Unit Plan: Field Study – Pond
Science / Grade 4
- All living things sense and respond to their environment.
Students will keep considering…
- How do living things sense and respond to their environment?
- What does using my senses in nature look, sound, feel, taste and smell like?
- How do my senses compare to the senses of other plants and animals?
- How is sensing and responding related to interdependence within ecosystems?
Teacher will monitor progress:
Teachers can monitor progress through ongoing formative assessment including but not limited to:
- Class discussion
- Group and pair discussions
How will teachers and their students reflect on and evaluate the completed project?
- What aspects of the field study went well?
- What did students struggle with?
- What did you struggle with?
- What would you add/revise the next time you taught this field study?
- What connections can I make back to my school learning community?
- Organize a bioblitz event in your school yard or in nearby nature.
- Develop a plan of action to address a selected environmental problem or issue related to water systems
Stage 2 – Evidence
Authentic Performance Tasks
AUTHENTIC PERFORMANCE TASK: Assessing for Understanding
Students will be able to demonstrate their understanding by:
Assessing prior knowledge:
Five senses Mind-map
Walk and Talk to pond:
- What is a pond? Bigger than _____, smaller than _____
- What are some questions you have about ponds & the organisms that live there?
Students will demonstrate their knowledge, skills & understanding by:
- collecting organism samples
- exploring the pond in a sensory way (smell, hearing, sight)
- drawing a sketch of the pond
- demonstrating proper use of a hand lens
- observing organisms under a hand lens
- using Pond Critter Cards to identify different organisms
- making a list of species found (type only)
- constructing a food chain
- learning information about pond organisms from Pond Critter cards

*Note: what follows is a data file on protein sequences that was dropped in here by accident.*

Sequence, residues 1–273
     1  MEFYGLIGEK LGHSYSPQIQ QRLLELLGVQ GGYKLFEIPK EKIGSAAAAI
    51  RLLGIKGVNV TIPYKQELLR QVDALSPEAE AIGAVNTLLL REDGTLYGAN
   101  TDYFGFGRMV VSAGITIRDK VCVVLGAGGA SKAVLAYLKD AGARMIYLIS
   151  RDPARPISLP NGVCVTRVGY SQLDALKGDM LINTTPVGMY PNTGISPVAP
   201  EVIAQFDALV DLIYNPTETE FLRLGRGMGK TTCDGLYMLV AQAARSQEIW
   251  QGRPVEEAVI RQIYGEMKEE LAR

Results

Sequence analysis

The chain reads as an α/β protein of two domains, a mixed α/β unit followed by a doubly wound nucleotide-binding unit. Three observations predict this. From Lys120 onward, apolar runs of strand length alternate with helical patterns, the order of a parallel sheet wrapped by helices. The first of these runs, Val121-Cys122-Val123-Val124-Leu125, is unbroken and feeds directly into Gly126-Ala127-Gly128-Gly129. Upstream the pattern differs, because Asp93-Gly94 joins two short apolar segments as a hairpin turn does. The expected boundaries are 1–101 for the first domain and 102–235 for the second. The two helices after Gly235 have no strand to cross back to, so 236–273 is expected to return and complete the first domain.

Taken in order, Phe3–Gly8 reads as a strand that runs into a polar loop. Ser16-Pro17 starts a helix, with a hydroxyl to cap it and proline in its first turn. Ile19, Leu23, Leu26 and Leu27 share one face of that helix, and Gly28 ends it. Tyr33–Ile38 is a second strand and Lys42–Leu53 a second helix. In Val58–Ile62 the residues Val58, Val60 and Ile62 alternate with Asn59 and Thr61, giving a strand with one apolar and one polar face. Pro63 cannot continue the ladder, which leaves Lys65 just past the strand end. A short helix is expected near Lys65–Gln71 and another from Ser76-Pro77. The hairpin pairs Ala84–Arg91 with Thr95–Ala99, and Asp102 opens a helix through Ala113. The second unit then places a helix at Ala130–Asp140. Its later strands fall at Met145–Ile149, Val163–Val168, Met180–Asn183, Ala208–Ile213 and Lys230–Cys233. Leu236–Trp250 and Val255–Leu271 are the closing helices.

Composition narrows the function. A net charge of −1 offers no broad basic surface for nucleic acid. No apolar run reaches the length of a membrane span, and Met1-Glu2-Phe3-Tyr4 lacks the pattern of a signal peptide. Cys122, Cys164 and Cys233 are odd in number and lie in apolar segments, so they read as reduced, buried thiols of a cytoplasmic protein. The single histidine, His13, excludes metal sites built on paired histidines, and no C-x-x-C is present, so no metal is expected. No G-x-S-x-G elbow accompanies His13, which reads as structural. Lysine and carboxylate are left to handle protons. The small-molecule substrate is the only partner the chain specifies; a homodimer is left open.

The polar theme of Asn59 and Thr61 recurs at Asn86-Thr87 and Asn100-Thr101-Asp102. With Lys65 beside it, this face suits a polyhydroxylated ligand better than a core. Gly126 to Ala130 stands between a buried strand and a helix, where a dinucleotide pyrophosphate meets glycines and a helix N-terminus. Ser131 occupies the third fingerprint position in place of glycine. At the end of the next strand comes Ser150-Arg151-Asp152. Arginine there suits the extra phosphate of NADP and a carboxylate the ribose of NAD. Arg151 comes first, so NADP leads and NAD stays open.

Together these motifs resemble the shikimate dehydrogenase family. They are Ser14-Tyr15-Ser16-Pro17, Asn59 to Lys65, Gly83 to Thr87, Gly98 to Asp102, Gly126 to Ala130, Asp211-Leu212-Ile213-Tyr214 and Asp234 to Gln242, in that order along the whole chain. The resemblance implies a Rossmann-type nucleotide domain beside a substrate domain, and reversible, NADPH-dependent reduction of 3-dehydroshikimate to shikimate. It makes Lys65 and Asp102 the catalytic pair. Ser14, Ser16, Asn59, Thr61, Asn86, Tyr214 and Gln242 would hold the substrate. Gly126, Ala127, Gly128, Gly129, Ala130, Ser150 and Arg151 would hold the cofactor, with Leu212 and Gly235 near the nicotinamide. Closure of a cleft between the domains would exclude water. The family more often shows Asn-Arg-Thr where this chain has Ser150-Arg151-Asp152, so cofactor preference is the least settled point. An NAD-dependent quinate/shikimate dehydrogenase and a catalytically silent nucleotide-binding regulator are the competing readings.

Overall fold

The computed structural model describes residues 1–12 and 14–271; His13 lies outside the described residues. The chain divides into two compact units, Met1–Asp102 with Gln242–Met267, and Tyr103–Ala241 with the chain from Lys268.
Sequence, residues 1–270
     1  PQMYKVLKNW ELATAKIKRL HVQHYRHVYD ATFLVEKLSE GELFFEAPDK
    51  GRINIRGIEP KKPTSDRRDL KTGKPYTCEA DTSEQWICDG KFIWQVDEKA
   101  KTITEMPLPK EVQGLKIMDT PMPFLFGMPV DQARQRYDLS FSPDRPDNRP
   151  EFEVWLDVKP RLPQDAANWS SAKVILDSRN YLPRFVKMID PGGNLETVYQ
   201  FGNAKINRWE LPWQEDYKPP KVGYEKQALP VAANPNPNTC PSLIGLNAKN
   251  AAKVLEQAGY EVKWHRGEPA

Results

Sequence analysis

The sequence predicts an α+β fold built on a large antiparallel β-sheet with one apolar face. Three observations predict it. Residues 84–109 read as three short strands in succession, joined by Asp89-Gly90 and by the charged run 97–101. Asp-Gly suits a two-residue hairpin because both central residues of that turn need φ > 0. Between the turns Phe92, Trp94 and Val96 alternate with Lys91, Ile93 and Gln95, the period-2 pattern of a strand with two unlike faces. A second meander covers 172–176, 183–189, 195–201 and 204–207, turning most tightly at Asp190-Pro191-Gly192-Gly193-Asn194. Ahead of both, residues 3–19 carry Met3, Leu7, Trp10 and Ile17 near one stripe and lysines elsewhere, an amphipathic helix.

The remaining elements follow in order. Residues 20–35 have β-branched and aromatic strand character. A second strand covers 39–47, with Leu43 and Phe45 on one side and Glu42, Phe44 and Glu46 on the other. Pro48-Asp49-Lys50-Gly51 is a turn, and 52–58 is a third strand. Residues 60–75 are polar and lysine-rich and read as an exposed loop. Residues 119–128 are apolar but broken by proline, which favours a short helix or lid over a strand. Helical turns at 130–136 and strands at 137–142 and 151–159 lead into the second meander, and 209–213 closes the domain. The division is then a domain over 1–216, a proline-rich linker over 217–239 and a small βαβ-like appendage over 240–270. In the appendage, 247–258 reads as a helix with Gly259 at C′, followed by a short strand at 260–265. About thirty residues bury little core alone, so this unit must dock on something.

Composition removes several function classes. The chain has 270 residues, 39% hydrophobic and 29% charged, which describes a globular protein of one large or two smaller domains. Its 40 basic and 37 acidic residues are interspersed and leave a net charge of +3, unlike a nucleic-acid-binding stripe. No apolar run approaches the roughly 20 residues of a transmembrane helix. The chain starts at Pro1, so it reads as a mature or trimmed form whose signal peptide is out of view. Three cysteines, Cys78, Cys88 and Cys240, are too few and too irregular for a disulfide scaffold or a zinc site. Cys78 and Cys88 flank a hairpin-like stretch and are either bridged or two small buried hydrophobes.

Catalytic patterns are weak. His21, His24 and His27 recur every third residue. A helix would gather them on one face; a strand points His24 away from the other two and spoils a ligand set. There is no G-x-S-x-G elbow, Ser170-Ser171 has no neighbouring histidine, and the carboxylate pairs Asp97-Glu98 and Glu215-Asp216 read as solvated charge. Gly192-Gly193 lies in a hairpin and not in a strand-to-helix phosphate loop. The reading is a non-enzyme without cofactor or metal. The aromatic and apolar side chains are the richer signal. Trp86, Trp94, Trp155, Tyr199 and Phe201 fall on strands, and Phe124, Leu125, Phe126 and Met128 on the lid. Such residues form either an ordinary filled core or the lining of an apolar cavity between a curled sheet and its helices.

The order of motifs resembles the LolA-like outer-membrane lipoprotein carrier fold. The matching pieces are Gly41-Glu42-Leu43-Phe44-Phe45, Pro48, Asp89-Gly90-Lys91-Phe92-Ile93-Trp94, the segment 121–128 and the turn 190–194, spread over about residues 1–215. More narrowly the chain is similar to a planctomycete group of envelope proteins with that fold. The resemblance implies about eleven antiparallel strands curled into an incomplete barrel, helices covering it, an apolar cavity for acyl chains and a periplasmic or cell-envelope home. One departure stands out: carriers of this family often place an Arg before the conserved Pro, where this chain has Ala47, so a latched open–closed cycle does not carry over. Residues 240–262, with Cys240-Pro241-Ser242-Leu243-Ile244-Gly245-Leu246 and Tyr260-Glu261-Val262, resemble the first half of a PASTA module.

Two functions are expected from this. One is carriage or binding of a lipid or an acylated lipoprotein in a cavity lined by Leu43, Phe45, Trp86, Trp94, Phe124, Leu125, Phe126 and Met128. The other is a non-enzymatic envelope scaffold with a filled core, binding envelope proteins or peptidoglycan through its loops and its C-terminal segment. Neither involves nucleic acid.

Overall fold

- pair-sharing observations, questions, reminds me…
Possible Walk and Talk questions:
- How did the organisms get into the pond?
- What adaptations do organisms have to survive in the pond?
- Where do the majority of organisms live? Why?
- What do plants growing around the pond tell us? How about where they are growing?
- What other mammals, insects, & birds are these organisms supporting?
- How do you know if the pond is a healthy ecosystem?
Final group circle question options:
- What is a pond?
- How did I notice (observe) the pond organisms?
- What did I notice (observe) in this field study?
- How do pond organisms sense and respond to their environment?
- What questions do I still have about ponds and the organisms that live in them?
What is a GRASPS task?
> No GRASPS avaiable for this Unit Plan
OTHER EVIDENCE: Assessing for Knowledge and Skills
Students will show they have acquired Stage 1 knowledge and skills by:
The Big Ideas consist of generalizations and principles and the key concepts important in an area of learning. The Big Ideas represent what students will understand at the completion of the curriculum for their grade. They are intended to endure beyond a single grade and contribute to future understanding.
The set of abilities that students use to impart and exchange information, experiences and ideas, to explore the world around them, and to understand and effectively engage in the use of digital media
The knowledge, skills and processes we associate with intellectual development
The set of abilities that relate to students’ identity in the world, both as individuals and as members of their community and society
Curricular Competencies & Content
Curricular Competencies are the skills, strategies, and processes that students develop over time. They reflect the “Do” in the Know-Do-Understand model of curriculum. The Curricular Competencies are built on the thinking, communicating, and personal and social competencies relevant to disciplines that make up an area of learning.